• intermittent streams;
  • north-western Great Plains, U.S.A.;
  • prairie ecosystems;
  • tree classifiers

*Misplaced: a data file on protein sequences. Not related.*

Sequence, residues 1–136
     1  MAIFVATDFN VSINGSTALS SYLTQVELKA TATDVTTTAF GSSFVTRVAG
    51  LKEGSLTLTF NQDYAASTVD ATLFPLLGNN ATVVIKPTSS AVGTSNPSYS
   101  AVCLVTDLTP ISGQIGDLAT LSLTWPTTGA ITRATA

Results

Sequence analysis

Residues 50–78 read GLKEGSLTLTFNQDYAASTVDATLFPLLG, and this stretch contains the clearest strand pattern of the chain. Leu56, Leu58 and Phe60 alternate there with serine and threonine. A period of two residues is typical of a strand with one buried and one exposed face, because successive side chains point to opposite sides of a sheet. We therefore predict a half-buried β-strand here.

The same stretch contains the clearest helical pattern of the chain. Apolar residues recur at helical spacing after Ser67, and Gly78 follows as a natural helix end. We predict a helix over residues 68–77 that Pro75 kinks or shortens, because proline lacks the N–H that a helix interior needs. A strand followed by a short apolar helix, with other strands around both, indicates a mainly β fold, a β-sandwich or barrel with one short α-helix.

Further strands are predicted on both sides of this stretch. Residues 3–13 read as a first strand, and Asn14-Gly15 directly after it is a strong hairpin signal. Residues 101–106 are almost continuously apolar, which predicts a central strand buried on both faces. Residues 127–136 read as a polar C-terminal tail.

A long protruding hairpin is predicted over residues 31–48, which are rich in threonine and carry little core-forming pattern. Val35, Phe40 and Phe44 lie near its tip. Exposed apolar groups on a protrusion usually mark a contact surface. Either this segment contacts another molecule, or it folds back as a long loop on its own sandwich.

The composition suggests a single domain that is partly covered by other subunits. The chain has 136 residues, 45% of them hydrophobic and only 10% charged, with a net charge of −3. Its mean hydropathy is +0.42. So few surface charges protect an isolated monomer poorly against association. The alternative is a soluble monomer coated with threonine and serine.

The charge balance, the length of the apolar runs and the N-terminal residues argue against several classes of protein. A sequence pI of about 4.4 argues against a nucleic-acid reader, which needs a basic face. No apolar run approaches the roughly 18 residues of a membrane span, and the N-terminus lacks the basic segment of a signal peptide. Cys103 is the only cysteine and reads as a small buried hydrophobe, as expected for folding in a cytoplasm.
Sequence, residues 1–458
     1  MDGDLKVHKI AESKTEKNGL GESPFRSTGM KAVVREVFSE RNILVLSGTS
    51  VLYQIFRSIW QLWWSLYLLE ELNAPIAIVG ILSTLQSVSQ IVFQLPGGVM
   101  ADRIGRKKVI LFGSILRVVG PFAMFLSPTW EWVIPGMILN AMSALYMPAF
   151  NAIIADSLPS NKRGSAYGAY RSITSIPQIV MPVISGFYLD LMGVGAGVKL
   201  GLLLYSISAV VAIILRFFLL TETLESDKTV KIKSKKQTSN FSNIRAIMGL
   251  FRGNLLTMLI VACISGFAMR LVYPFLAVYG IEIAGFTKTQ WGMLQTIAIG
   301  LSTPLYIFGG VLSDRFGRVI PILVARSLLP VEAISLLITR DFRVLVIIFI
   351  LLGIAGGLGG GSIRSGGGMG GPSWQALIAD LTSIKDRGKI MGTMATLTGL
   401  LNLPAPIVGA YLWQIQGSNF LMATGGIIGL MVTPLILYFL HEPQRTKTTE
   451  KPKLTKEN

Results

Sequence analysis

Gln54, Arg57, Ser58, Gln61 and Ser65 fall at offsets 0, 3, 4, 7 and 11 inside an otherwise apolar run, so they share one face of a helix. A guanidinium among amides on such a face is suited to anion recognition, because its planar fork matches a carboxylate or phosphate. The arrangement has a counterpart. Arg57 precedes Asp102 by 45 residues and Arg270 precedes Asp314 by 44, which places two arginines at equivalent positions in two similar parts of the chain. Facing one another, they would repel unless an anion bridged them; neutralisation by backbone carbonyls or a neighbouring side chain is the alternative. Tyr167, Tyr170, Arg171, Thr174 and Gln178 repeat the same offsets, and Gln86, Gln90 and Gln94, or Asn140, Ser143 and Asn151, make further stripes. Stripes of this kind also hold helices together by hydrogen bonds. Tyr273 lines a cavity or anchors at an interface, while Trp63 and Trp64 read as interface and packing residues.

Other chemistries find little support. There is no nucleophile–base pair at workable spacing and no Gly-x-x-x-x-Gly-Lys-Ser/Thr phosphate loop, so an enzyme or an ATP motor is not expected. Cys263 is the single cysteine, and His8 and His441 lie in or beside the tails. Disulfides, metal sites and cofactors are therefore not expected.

The objectives of this study were (1) to determine whether the presence or absence of prairie fishes can be modelled using habitat and biotic characteristics measured at the reach and catchment scales and (2) to identify which scale (i.e. reach, catchment or a combination of variables measured at both scales) best explains the presence or absence of fishes. Reach and catchment information from 120 sites sampled from 1999 to 2004 were incorporated into tree classifiers for 20 prairie fish species, and multiple criteria were used to evaluate models. Fewer than six models were considered significant when modelling individual fish occurrences at the reach, catchment or combined scale, and only one species was successfully modelled at all three scales. The scarcity of significant models is probably related to the rigorous criteria by which these models were evaluated as well as the prevalence of tolerant, generalist fishes in these stochastic and intermittent streams. No significant differences in the amount of reduced deviance, mean misclassification error rates (MER), and mean improvement in MER metrics was detected among the three scales. Results from this study underscore the importance of continued habitat assessment at smaller scales to further understand prairie-fish occurrences as well as further evaluations of modelling methods to examine habitat relationships for tolerant, ubiquitous species. Incorporation of such suggestions in the future may help provide more accurate models that will allow for better management and conservation of prairie-fish species.